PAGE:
There has been some concern recently about the GPS rollover which brings back memories of the famous Y2K bug from 1999. Some GPS systems could indeed go haywire this weekend as the 24 Global Positioning System or GPS satellites that orbit the Earth constantly will go 20 years out of date at 7:59 pm ET suddenly. Given the importance of the GPS system, this should theoretically cause problems for critical infrastructure in transport and communications. However, that really won’t be the case.
This limitation has long been known since GPS satellites tally time by weeks. When the system went online in the 1980s, it only had enough storage to remember 1,024 weeks. So when that limit was hit on Saturday night, the counters reset to 0. It wasn’t really a problem when the first rollover happened in August 1999 but it’s pertinent to mention that there are considerably more GPS systems in use today than there were back then.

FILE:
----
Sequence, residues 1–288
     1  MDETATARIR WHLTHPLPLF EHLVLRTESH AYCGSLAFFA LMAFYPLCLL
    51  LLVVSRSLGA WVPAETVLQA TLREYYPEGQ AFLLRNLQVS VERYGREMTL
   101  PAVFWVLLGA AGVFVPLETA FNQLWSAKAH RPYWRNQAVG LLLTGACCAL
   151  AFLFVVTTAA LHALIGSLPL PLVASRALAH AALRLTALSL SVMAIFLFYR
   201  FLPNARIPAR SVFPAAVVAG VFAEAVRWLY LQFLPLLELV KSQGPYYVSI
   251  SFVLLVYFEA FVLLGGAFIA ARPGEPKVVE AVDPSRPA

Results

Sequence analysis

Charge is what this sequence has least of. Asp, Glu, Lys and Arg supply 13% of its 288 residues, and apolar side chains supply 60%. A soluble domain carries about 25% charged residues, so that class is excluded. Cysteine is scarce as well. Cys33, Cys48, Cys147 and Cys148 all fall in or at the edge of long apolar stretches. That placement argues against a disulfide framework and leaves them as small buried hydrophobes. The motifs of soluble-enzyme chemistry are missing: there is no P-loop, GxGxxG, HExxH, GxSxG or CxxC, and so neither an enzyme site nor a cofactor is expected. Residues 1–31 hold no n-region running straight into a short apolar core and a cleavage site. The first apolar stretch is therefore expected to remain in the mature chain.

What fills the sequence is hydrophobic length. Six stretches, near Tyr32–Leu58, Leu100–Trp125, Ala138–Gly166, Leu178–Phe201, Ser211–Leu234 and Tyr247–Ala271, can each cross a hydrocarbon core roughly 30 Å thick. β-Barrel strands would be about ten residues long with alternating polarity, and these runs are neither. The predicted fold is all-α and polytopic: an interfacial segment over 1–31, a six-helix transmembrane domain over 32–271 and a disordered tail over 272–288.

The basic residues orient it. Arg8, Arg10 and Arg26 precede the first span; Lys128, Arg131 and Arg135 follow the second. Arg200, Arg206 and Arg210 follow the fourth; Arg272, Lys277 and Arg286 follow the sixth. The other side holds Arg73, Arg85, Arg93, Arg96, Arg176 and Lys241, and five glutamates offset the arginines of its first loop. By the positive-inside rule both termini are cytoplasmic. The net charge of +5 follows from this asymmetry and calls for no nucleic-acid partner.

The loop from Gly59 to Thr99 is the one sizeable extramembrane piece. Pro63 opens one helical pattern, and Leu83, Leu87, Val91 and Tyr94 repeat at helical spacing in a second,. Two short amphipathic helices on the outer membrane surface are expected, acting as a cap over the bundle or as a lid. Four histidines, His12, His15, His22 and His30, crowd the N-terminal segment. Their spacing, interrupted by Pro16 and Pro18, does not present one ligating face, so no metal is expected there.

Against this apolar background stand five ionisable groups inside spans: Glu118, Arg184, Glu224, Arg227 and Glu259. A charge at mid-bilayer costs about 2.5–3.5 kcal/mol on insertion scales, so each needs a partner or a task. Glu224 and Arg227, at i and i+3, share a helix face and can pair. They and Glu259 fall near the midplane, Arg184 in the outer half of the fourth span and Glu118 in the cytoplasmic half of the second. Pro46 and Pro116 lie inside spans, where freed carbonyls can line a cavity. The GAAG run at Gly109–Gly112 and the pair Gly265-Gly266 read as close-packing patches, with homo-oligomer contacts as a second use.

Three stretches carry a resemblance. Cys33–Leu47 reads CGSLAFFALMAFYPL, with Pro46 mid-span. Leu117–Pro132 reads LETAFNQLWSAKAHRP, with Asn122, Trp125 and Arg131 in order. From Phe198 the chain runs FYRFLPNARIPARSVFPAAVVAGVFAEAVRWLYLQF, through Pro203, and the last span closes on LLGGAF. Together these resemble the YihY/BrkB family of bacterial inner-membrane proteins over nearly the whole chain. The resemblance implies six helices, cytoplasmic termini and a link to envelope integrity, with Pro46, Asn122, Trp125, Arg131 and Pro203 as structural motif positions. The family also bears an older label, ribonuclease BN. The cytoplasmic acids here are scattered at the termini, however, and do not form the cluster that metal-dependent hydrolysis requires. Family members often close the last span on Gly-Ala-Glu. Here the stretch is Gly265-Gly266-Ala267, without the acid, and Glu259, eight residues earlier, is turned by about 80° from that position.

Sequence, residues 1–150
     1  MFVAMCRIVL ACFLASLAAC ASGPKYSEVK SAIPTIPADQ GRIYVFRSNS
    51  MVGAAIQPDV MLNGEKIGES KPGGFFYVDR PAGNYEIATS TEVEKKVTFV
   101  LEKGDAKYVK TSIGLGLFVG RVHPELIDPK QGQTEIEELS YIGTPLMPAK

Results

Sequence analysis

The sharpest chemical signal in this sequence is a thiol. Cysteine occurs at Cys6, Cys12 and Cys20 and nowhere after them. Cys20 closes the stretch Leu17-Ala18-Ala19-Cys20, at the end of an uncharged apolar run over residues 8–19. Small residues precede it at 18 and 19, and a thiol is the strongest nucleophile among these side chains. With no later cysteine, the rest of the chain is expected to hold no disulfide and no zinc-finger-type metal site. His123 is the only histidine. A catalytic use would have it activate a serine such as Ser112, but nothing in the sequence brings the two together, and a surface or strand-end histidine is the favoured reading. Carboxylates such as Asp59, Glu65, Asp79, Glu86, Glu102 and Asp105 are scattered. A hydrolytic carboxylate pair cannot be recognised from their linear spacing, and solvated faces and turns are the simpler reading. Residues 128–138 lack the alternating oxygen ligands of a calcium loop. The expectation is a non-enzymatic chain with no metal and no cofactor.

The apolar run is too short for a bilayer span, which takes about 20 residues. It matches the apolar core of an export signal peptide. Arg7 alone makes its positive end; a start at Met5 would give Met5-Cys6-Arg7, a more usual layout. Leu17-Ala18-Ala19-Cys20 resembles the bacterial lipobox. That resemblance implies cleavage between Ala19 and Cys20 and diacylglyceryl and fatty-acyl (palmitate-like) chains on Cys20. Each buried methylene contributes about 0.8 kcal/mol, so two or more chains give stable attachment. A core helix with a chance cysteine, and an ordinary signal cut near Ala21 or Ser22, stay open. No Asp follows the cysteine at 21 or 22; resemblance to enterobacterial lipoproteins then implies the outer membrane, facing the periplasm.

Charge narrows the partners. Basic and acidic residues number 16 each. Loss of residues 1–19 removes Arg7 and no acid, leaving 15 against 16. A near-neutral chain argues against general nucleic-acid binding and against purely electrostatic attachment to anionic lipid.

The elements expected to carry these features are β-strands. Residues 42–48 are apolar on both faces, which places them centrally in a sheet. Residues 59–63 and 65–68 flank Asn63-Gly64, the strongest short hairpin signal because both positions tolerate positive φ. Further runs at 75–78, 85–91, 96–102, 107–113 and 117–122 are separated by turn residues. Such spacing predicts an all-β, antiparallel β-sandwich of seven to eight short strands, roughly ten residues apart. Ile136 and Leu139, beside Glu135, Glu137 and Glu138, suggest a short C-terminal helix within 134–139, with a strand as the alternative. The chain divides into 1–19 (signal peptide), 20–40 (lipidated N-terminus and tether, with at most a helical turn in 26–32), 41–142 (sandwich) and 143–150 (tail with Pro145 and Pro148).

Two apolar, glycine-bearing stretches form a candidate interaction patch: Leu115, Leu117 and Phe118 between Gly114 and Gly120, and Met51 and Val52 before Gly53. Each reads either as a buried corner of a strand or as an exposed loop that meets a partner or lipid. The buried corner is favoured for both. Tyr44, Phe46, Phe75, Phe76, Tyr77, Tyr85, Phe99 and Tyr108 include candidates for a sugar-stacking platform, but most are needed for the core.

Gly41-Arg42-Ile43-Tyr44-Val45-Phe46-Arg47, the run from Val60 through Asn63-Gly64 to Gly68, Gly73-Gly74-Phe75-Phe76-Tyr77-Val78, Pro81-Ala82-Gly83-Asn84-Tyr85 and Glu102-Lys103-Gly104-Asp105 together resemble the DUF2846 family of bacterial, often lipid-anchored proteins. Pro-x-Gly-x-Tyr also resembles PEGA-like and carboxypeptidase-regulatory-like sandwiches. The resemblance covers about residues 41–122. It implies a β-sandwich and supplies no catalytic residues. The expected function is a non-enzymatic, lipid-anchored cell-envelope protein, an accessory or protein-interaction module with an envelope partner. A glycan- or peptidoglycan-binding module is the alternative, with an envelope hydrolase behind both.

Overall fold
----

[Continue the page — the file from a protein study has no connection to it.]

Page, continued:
The Air Force runs the satellites and it confirmed that the likelihood of this causing problem in the real-world was slow. Many agencies including the Department of Homeland Security’s Cybersecurity and Infrastructure Security Agency have been warning navigation systems manufacturers, financial systems, airlines, and more about this rollover for over two years now.
The Air Force added that this limit is well known and has widely been planned for. Devices and systems that were made in the last 10 years should have been coded already to account for this rollover. This will likely be the last time that we have to worry about something like this. The systems are being upgraded to 13-bit storage which would eliminate the need for a rollover for at least 157 years.